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Internet Governance and Online Freedom

Erik Huizer | Lecture, 1. day

Freedom should not be taken for granted. Permissionless innovation and a truly multi-stakeholder governance model are the cornerstones of an open and free Internet.

Freedom is not something that comes naturally. It is something one has to fight for, sometimes literally. Online this is no different. The almost unlimited freedom that the Internet seems to offer is under constant threat. We do have to fight to keep the Internet open, accessible and trustworthy.

The current Internet supports what Vint Cerf calls: permissionless Innovation. This innovation is organized in a multitude of ways depending on whether we look at infrastructure, services, devices or apps. The combination of opportunities in each of these allows for almost unlimited innovation freedom.  

Still it is not just positive news on the Internet, with respect to freedom. That very freedom is under multiple threats. Commercial companies threaten it by invading our privacy. Criminals threaten it by stealing identities. Governments threaten it by limiting our access or by using it for spying on us. These threats affect how we (can) use the Internet.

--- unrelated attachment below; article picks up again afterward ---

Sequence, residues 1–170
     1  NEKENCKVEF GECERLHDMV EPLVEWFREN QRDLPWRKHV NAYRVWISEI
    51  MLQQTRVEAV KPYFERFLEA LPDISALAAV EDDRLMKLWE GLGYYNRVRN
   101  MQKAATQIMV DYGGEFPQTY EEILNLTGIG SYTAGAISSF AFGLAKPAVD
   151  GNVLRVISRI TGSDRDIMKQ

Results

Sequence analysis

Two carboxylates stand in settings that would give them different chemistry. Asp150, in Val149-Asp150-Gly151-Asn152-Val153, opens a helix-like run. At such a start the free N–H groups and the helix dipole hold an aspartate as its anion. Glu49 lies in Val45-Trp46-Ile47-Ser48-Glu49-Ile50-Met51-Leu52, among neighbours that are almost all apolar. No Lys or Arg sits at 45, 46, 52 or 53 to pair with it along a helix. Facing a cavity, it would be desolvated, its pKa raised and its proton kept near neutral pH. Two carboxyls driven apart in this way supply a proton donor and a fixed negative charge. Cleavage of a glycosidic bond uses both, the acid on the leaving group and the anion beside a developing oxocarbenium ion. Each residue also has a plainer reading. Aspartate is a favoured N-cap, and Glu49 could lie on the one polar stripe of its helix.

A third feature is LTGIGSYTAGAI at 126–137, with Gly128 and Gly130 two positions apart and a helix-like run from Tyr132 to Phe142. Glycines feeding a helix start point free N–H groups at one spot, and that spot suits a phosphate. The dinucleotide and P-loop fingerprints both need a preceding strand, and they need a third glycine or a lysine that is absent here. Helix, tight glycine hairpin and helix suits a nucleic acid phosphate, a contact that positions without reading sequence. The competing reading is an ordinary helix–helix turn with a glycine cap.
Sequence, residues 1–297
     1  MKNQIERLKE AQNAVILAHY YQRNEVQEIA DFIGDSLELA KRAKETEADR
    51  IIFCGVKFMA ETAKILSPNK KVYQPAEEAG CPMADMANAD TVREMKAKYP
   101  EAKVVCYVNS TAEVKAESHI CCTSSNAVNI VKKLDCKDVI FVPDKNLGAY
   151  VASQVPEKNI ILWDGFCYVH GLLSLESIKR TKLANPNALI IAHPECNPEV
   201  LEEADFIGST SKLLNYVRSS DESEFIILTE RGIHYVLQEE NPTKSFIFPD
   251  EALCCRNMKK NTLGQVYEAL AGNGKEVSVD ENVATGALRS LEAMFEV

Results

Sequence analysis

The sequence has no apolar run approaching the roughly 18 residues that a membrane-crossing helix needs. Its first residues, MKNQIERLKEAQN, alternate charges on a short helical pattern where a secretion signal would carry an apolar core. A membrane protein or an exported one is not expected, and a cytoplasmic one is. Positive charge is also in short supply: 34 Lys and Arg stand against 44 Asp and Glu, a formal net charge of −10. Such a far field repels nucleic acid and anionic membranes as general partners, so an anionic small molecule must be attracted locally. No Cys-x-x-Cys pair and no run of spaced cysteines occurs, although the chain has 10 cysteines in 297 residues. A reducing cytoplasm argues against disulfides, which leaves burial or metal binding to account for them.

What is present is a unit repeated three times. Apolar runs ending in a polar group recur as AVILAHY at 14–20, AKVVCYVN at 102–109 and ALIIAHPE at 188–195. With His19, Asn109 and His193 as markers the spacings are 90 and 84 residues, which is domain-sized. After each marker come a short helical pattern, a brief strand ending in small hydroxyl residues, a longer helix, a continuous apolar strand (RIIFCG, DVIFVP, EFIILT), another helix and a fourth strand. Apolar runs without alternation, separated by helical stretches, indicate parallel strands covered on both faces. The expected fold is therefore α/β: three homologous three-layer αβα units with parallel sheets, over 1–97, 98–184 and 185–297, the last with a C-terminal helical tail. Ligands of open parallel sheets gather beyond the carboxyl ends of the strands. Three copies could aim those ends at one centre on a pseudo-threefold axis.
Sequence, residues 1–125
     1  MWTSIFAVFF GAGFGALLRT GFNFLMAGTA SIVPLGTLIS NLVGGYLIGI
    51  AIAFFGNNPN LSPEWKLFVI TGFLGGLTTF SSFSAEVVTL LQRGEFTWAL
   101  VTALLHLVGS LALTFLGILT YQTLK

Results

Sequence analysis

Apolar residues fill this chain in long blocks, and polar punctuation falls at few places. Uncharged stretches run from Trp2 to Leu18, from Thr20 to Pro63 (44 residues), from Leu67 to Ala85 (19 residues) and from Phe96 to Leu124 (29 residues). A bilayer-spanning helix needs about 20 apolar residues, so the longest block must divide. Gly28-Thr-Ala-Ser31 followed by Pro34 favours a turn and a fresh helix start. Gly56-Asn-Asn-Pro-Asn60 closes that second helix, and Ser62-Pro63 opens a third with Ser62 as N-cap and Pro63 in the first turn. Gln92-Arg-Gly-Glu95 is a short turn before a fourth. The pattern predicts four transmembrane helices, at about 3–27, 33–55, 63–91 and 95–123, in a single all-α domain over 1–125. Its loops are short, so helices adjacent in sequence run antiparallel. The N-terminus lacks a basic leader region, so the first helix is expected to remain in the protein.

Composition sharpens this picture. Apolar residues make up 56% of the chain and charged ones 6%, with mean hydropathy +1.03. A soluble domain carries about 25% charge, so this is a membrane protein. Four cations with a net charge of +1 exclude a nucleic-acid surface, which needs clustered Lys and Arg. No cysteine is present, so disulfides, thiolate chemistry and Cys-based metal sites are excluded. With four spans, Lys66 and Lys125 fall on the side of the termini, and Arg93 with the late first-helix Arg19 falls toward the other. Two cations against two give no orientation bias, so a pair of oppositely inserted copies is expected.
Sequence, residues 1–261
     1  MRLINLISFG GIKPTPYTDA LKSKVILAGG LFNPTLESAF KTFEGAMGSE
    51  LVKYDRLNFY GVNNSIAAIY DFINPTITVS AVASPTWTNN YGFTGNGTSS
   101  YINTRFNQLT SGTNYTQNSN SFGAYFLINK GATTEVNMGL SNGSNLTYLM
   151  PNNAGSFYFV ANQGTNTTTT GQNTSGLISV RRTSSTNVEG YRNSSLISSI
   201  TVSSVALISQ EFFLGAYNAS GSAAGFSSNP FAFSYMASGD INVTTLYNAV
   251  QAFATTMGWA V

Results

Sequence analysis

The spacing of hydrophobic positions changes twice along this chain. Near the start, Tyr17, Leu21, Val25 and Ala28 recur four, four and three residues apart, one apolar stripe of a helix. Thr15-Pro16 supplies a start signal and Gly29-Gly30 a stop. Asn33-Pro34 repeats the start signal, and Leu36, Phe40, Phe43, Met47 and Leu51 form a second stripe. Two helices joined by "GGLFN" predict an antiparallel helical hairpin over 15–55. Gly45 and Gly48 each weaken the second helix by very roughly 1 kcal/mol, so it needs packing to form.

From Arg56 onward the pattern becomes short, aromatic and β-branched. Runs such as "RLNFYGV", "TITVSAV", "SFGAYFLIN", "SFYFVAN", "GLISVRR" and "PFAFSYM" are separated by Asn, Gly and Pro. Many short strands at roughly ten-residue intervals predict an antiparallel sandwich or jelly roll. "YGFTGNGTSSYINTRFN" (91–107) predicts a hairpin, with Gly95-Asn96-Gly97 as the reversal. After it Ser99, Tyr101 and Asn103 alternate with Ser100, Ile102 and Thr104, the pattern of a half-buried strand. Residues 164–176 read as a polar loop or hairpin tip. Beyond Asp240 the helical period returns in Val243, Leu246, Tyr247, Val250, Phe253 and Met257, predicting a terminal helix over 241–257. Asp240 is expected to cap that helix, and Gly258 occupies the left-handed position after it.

Such issues need to be taken seriously to preserve the freedom on the Internet. This requires that we re-invent Internet Governance on a global scale. The discussions on the new Internet governance have been accelerated by the Snowden revelations and the decision of the US Government to hand over the IANA contract.  

It is important to be aware of the Internet governance discussions and to be aware of the on-going process in this matter. This requires a broad multi- stakeholder involvement in debates on safety, surveillance, privacy etc. Not issues that are top-of-mind for most people. However, a wrong outcome of those discussions could severely impact our online liberty.      

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